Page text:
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Don't ask Greg Porozni to help Agrium Inc.'s crumbling bottom line.

An Alberta farmer who tills 1,740 hectares, Mr. Porozni and many of his neighbours are on a buyers' strike against potash, a fertilizer produced by Agrium and rival Potash Corp. of Saskatchewan Inc., whose results have been hammered by plunging prices for the product.

Agrium yesterday warned sinking demand for fertilizer will drive its third-quarter profit 90 to 95 per cent below last year's third quarter, when it posted a record $367-million profit. Potash Corp. reported an 80-per-cent drop in profit this week.

Much of the problem lies with farmers, who are still feeling the burn of potash's quintupling in price last year, when it shot above $1,000 (U.S.) a tonne. Prices have since fallen by half. But while the cost of two other main crop nutrients, phosphate and nitrogen, have returned to historical levels relative to crop prices, potash remains high. It is still 35 per cent above what Mr. Porozni is willing to pay.

So, for the coming year, he won't.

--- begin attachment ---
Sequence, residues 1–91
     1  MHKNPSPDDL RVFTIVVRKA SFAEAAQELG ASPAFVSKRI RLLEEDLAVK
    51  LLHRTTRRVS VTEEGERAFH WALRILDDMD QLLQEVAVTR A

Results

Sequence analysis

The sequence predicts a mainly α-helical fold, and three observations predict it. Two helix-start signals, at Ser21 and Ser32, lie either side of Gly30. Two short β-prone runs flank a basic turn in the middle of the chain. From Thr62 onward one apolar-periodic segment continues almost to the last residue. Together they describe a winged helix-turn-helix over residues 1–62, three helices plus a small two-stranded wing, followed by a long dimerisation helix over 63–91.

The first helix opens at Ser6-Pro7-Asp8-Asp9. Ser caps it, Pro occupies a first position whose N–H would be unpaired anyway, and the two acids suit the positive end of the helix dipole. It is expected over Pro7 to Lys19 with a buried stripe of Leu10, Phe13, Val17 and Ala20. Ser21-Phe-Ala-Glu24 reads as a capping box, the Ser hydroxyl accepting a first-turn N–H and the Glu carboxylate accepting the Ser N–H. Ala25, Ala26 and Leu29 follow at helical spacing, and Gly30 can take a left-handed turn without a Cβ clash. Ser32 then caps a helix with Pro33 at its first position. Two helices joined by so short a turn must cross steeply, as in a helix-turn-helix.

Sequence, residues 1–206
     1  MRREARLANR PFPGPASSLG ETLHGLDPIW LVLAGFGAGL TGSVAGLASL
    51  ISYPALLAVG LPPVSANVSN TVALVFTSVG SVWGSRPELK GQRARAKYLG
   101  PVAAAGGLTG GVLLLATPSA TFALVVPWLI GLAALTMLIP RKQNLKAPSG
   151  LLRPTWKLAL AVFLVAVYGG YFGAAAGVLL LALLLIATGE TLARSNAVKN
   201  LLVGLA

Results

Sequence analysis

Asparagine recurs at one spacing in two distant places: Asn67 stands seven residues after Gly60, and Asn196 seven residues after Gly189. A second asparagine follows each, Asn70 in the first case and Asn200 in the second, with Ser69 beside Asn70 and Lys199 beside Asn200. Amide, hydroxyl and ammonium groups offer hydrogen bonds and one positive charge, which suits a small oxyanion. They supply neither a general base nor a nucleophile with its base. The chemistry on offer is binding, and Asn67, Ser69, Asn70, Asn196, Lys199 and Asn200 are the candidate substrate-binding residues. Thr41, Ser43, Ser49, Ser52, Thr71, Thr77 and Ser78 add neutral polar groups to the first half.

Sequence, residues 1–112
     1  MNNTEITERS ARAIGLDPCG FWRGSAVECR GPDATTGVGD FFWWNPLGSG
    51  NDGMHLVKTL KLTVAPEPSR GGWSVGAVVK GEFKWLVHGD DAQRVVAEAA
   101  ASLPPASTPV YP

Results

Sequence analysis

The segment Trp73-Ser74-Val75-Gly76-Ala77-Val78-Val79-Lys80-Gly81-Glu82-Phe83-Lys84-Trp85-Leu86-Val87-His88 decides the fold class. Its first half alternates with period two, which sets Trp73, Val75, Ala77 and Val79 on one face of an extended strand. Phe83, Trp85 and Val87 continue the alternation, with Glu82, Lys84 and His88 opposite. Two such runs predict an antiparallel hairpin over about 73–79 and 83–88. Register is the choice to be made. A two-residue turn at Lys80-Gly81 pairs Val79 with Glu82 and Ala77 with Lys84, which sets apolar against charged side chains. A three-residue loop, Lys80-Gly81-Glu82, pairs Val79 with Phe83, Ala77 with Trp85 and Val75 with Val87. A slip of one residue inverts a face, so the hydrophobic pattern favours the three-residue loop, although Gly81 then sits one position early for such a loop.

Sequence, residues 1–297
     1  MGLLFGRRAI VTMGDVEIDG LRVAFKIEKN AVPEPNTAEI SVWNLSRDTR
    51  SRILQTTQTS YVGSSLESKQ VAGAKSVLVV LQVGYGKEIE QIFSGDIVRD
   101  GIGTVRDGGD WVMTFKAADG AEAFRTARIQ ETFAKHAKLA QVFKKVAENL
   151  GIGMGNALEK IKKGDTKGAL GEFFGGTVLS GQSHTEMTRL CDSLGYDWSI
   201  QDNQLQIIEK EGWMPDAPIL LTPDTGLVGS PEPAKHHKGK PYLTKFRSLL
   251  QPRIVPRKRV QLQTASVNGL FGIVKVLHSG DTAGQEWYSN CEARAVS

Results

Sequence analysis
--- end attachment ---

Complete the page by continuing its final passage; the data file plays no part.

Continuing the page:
"I know it's a small message, but I'm sending a message to these manufacturers that their product is overpriced, frankly," he said. "I will not be using potash until the prices come lower."

Agrium chief financial officer Bruce Waterman said yesterday he expects "more of a normal fall," and predicted a strong spring as farmers resume their regular buying. The medium-term outlook is even better, he said.

"We still think the fundamentals are very strong," Mr. Waterman said, describing the situation as "nirvana delayed a little bit."

But if nirvana depends on Mr. Porozni buying more potash, it could be delayed a bit longer. He has ordered field tests that found he won't need to apply the nutrient for another three or four years. Mr. Porozni, who also serves as crop production chairman of the Canola Council of Canada, believes many in Western Canada have similarly healthy soil.

His reticence is just one part of the global pain for the fertilizer industry, which achieved such blockbuster profits last year that Potash Corp. briefly became Canada's most valuable company.

In Brazil, another major fertilizer consumer, the lingering credit crunch has starved farmers of cash. And China has yet to sign its annual fertilizer deal for 2010, in hopes producers will cut prices.